In order to help with that process, the Design Automation team produced a comprehensive sample whose code anyone can take, modify, and deploy on any server: AWS, Azure, Heroku, etc
The app has 5 tabs:
Here you'll find two sample models that you can configure.
It also allows you to log in using your Autodesk account (Forge account not needed) and then upload your own models. Once you logged in this tab will only show your own models.
Here, on the left panel, you'll find the parameters of the selected model that you can change to configure the model. If the model has an iLogic Form in it, then the list of parameters and their layout will reflect that. On the right side you'll see the model shown in the Forge Viewer.
If the value of a parameter got changed as a result of the update (e.g. the iLogic Rule keeps its value under a certain max value), then those will be underlined in orange.
Here you'll get the BOM (Bill Of Materials) information extracted from the model.
On this panel you'll find he drawings that were also part of the model files and you can select which one you want to see. Before showing the drawing it will get updated so that it's in-sync with the 3d model that you modified on the Model tab.
It also enables you to download the drawing as PDF
On this tab you'll be able to download the model, the drawing, the BOM information, or export the model to Revit Family file format (*.rfa).
Live version: https://inventor-config-demo.autodesk.io/
Configurator 360 vs Inventor Config Demo
1) While Configurator 360 was using Inventor ETO to drive the models, Design Automation is using Inventor Server. Because of that you might have to modify your iLogic Rules in your models to make sure they will work fine - see Prepare iLogic Rules for Design Automation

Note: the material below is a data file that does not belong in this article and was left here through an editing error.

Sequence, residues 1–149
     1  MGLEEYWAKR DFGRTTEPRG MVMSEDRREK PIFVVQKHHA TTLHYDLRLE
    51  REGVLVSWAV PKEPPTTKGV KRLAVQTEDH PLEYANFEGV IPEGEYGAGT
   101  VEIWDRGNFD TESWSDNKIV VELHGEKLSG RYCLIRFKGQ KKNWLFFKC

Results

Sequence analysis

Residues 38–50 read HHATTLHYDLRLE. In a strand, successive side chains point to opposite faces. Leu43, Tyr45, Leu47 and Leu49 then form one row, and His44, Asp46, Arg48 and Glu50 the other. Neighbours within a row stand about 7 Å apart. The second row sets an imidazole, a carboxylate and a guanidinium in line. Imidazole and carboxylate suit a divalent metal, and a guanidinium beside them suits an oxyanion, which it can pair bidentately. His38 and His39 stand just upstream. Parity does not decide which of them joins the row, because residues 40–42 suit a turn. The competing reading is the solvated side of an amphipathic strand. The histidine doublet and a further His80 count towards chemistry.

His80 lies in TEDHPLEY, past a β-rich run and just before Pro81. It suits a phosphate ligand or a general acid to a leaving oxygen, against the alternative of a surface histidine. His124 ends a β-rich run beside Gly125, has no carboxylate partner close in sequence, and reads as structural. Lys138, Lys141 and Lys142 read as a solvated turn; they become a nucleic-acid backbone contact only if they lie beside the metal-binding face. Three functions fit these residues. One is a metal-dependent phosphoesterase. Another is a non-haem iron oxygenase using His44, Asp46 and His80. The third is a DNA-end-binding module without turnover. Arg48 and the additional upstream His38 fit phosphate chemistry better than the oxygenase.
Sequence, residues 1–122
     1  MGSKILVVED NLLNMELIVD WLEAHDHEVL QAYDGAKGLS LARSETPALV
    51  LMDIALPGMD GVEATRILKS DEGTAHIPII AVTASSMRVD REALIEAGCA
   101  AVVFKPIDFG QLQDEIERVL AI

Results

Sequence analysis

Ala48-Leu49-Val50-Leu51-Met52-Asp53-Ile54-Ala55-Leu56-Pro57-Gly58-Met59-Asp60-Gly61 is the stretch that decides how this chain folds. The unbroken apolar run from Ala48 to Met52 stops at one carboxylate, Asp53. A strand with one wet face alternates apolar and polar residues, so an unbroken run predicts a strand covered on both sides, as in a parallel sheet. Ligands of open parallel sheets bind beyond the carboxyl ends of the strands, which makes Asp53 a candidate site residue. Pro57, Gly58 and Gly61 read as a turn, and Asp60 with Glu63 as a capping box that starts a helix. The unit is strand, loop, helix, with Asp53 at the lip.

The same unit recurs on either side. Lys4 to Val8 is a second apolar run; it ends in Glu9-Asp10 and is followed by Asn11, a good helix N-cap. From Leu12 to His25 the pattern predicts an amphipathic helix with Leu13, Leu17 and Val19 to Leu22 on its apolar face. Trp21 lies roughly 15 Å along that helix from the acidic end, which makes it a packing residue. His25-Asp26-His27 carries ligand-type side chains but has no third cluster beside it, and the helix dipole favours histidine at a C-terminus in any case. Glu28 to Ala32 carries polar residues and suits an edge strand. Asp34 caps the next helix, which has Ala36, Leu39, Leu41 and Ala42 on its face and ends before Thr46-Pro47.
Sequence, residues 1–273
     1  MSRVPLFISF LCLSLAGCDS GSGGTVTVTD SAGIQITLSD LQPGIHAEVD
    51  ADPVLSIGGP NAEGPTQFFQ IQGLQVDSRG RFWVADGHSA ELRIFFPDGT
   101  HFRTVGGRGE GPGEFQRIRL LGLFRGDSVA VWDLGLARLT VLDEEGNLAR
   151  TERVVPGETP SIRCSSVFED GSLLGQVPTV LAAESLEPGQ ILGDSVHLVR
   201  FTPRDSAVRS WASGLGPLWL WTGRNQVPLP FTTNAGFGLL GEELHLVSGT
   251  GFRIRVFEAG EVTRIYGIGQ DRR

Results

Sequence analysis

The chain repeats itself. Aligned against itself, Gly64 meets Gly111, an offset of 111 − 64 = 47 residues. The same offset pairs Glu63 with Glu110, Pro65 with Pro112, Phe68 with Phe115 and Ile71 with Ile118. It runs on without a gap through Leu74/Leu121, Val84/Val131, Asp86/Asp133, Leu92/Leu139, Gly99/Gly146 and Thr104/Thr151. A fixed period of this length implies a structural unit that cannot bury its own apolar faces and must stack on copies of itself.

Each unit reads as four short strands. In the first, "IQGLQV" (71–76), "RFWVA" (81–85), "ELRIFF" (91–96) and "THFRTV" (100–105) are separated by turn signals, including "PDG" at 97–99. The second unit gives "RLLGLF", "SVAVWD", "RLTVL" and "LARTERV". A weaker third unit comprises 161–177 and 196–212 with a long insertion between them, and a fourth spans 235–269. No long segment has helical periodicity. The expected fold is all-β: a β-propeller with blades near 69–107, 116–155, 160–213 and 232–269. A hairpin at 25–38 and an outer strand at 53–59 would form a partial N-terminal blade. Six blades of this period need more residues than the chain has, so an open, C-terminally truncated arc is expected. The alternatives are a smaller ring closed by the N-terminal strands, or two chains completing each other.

2) Configurator 360 used to have a live session, i.e. a server would load the Inventor model and keep running in order to process any further parameter changes the user might have. Design Automation was designed for batch processing: you gather all the information you need (model, property changes, etc) pass it to Design Automation and there once you processed the model as part of the work item the session ends - see Optimize Design Automation process
However, it would be possible to keep your work item running - see Open Network in Preview
3) Configurator 360 had its own way of extracting 3d geometry from the updated model in a fast way and showing it in its own Three.js viewer. The above sample is exporting geometry to SVF (the Forge Viewer specific format) and using Forge Viewer to display it for the user.
Because of points 2) and 3) the above sample is not so responsive as Configurator 360 was when changing parameters.
4) A solution based on Design Automation is fully customizable: you can provide your own website, you can integrate the model processing into existing workflows, etc